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And if you’re an employee and think the tools you currently have to work with aren’t quite up to par, let your manager know. A good team leader understands the significance of having the right tools and how it can impact employee productivity.

Some examples of tools that could be used:

Communication
  • Slack for team chat and collaboration.
  • Samepage for video conference software.
  • Zendesk for customer service engagement.
Task Management
  • Zenkit for task and project collaboration.
  • Wunderlist for listing your to-do’s.
  • Wekan for an open source option.
Database Management
Time Tracking
  • Clockify for a free tracker.
  • TMetric for workspace integrations.
  • TimeCamp for attendance and productivity monitoring.

You can also take a look at these Top 10 Productivity Tools to Help You Achieve 10x More in Less Time.

7. Declutter and Organize

Having a disorganized and cluttered workspace can limit your ability to focus. According to researchers, physical clutter can negatively impact your ability to concentrate and take in information.[3] Which is why keeping your work environment well ordered and clutter-free is important.

Ensure you have your own system of organization so you know what to do when the paperwork starts to pile up.

Being organized will also ensure that you know where to find the appropriate stationery, tools, or documents when you need it. A US study reveals that the average worker can waste up to one week a year looking for misplaced items.[4]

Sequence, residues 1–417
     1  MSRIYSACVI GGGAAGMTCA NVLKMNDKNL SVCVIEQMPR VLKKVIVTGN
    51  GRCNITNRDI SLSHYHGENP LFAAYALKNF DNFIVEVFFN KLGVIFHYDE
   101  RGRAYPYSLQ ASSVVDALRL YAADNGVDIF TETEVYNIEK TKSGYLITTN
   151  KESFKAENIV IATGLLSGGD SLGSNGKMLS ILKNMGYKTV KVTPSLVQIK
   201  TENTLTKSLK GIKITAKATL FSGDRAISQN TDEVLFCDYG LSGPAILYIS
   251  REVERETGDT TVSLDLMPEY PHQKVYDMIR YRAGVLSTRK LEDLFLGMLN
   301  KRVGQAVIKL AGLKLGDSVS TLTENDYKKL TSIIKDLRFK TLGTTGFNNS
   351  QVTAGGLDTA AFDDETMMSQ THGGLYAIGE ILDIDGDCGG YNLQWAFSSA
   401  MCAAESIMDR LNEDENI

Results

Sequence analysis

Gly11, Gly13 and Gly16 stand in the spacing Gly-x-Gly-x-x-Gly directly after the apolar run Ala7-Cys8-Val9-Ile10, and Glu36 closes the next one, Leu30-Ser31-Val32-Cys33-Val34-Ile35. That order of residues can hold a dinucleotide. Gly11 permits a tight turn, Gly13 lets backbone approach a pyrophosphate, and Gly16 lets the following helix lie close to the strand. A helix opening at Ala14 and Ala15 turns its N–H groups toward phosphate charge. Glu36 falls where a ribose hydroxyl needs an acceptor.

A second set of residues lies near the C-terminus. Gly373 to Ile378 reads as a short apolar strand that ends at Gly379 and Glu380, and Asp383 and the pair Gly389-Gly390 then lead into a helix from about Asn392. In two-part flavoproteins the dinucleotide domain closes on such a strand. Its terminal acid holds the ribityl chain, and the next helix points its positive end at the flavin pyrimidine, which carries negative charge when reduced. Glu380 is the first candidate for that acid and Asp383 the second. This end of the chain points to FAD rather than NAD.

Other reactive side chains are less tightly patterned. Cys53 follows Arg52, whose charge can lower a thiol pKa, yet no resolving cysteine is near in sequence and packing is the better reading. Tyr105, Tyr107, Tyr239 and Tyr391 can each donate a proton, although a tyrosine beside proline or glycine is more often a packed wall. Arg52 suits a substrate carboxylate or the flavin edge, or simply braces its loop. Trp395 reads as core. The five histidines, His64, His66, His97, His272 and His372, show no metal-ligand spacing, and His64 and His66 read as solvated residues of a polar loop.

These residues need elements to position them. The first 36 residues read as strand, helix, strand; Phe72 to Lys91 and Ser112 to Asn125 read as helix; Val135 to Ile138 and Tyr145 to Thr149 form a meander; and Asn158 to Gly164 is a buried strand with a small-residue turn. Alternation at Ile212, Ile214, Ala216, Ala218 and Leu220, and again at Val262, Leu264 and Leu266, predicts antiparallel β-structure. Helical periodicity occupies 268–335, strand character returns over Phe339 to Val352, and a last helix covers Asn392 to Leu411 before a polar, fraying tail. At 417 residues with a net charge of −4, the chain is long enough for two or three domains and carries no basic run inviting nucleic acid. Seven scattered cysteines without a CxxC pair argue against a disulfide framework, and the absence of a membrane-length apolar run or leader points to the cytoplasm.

Here’s a useful guide to help you declutter and organize: How to Declutter Your Life and Reduce Stress (The Ultimate Guide)

8. Take Breaks

Taking regular breaks is essential for maintaining productivity at work. Working in front of a computer can lead to a sedentary lifestyle which can place you at a higher risk of heart disease, diabetes, and obesity. Even a 30 second microbreak can increase your productivity levels up to 30 percent.

As well as your physical health, breaks are also crucial for your mental and emotional wellbeing. That’s because your brain is like a muscle, the more it works without a break, the easier it is for it to get worn out.

Ensuring you actually take your breaks can prevent you from suffering from decision fatigue. It can also help boost creativity.

Take a look at this article and learn why you should start scheduling time for breaks: The Importance of Scheduling Downtime

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9. Drink Water

Although we know we should, it’s easy to forget to drink enough water during the working day.

Many of us turn to tea or coffee for the caffeine hit to keep us going. However, like taking breaks, drinking water is essential for maintaining productivity levels at work. It’s simple and effective.

Not drinking enough water can lead to dehydration and also headaches, tiredness, and weight gain.

A good tip to avoid dehydration is to keep a water bottle at your desk as it can serve as a reminder to constantly drink water.

If you find the taste of water a little bland, add some fruit such as cucumber or lemon to give it a better taste.

You can also get more ideas on how to drink more water here: How to Drink More Water (and Why You Should)

The Bottom Line

The preceding 9 ground rules on work productivity aren’t the be-all, end-all. You and the company you work for may have other tips on how productivity is best increased and maintained.

After all, it’s something that can be perceived differently depending on the exact job and work environment.

In saying that, however, the 9 ground rules serve as a good foundation for anyone finding themselves succumbing to disruption and distraction, and are looking for ways to overcome them.

A good tip to keep in mind is that change doesn’t happen overnight. Start small and be consistent. If you slip up, just dust yourself off and try again.

Developing habits happens gradually, so as long as you keep up with it, you’ll soon start to notice the changes you’ve been making and eventually enjoy the fruits of your labor.

More About Boosting Productivity

Featured photo credit: Cathryn Lavery via unsplash.com